Why All Diets Work (Until They Don’t)

Why All Diets Work (Until They Don’t)

Video | Water Weight | Close to Your Goal | Efficiency | Temptations | Takeaway

You finally got your diet figured out. The scale is dropping each and every day, and life feels good – until it doesn’t. You step on the scale, and your weight hasn’t moved. You accept it and move on. However, the following days and weeks come and go with nothing happening or worse – weight gain. What is going on? We will talk about it in this blog post.

Why Diets Work Until They Don’t – At-A-Glance


  • Healthy diets create water weight loss. Your body will rebound if too much water is lost, making it appear that your diet has stopped working. 
  • If you are close to your goal, you weigh less, so your body requires less energy (calories) to move you around. 
  • Over time, your body adapts to your diet, becoming more efficient. This efficiency requires less energy (calories).
  • Temptations are all around us. If you are not set up to combat them automatically, you’ll find yourself doing seemingly harmless behaviors that stop weight loss. 

Why All Diets Work (Until They Don’t) [Video]

In this video, you’ll learn…

  • The correlation between dieting and water weight loss.
  • Why diets stop working over time.
  • Ways to remedy these dieting challenges!

The Challenge with Dieting

There are physical and mental hurdles to overcome when it comes to weight loss. Your body doesn’t view fat the same way you do. For your body, fat is a valuable stockpile of energy. Therefore, to decrease body fat, you need to coax your body to do something it would rather not do.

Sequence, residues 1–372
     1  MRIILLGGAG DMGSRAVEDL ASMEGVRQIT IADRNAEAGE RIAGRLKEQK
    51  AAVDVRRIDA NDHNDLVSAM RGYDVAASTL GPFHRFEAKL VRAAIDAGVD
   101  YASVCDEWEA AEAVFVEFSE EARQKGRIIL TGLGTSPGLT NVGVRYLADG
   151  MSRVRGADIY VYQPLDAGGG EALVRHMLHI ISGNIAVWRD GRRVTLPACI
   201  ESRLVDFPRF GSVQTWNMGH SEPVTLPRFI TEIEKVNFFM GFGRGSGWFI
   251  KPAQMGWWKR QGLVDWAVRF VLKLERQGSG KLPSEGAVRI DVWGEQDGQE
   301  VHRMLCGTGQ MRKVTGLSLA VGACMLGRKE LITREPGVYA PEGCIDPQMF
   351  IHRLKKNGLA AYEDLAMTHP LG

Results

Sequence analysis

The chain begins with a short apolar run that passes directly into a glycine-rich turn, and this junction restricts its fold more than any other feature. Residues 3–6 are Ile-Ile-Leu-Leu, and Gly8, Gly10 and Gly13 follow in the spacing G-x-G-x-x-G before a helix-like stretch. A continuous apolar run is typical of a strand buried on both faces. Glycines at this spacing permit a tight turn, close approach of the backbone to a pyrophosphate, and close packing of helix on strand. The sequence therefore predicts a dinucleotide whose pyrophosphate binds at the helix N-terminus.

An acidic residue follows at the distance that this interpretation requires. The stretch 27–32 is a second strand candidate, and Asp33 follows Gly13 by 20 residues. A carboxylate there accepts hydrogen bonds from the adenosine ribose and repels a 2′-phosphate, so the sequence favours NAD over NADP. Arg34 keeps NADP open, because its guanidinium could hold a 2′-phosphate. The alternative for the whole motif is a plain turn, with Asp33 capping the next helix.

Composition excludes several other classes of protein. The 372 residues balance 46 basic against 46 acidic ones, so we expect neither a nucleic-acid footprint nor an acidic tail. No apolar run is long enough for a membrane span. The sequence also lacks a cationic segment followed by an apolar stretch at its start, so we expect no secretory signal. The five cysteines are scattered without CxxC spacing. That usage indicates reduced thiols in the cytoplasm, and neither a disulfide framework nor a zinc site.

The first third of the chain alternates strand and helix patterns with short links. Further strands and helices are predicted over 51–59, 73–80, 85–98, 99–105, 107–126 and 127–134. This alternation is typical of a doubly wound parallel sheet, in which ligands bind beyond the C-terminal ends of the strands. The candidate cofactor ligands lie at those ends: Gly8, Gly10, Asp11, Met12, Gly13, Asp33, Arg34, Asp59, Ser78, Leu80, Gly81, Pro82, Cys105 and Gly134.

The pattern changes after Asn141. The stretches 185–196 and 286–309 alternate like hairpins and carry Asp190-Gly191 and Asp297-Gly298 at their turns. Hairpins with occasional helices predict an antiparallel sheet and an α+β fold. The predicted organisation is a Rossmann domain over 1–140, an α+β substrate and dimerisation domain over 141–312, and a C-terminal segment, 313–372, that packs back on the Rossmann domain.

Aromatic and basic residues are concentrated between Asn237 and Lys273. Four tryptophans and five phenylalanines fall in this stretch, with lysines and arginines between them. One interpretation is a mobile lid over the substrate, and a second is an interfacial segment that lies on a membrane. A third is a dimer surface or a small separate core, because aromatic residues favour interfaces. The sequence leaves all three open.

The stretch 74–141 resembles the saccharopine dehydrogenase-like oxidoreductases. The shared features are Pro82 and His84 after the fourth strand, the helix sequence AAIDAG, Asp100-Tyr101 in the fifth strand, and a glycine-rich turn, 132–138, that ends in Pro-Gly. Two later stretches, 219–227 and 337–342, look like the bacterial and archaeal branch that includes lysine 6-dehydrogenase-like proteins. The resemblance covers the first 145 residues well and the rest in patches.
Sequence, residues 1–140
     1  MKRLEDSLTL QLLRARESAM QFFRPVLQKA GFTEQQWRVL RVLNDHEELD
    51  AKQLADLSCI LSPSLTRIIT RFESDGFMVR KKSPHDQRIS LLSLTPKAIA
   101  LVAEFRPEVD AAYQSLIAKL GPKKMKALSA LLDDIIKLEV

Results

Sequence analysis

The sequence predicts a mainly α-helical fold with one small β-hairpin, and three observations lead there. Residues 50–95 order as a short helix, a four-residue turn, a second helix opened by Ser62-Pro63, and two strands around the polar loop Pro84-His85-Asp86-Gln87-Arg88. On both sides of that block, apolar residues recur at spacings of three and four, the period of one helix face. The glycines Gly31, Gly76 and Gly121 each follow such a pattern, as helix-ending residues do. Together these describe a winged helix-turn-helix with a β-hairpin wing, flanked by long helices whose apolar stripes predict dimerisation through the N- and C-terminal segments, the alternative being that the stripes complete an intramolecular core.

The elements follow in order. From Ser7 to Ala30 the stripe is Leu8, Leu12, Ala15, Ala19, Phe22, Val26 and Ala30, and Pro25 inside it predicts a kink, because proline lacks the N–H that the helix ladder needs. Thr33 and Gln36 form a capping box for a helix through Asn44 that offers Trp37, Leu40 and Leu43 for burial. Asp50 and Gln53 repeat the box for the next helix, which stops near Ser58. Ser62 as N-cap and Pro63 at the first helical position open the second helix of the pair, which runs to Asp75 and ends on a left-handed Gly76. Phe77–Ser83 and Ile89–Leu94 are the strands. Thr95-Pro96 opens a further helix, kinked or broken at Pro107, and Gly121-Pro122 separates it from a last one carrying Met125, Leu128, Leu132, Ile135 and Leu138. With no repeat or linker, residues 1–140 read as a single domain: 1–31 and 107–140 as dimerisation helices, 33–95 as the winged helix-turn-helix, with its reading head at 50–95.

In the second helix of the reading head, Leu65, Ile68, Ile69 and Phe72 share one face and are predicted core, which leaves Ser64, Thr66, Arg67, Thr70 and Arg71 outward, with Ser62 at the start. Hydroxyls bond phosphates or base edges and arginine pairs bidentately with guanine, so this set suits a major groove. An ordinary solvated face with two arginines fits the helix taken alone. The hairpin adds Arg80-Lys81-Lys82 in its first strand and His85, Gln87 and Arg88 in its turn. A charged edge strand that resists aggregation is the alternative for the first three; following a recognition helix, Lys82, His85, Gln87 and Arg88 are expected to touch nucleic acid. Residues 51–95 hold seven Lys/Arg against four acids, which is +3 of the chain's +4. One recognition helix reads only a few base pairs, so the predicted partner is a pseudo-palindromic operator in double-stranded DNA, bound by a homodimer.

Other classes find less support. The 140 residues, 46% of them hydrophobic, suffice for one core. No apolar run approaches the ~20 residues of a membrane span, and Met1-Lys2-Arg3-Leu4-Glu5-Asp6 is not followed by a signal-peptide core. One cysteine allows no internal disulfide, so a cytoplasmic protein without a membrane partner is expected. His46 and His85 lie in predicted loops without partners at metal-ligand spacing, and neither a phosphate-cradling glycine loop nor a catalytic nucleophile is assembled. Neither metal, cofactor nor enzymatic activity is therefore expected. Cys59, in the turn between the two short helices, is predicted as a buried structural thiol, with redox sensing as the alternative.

Water Weight Leaves with Refined Carbs and Sugar

The first thing to go in any healthy diet is refined carbs and sugar. These foods keep your blood sugar and insulin levels elevated, which is a state that locks in water. Water is heavy. When you go on a diet, you stop consuming refined cookies, cakes, candies, and sugary sodas. As a result, your insulin levels drop, allowing your kidneys to flush out water. 

Losing water is part of the reason why any healthy diet works at the start. However, weight loss will slow down because your body needs water. In fact, your metabolism runs in a watery environment, so safeguards are in place to slow water loss.

If you are within the first week of your diet and the scale no longer shows weight loss (or shows an increase in weight), it doesn’t necessarily mean that your diet has stopped working. It could be that your body has turned on mechanisms to prevent you from reaching an unhealthy level of dehydration. 

Solution: Keep Going  

The solution is simply to keep going. One to two weeks on a diet is too soon to judge a diet’s effectiveness. Give your body time to find balance, and you may find that weight loss resumes at a comfortable pace.

Water Weight Leaves with Refined Carbs and Sugar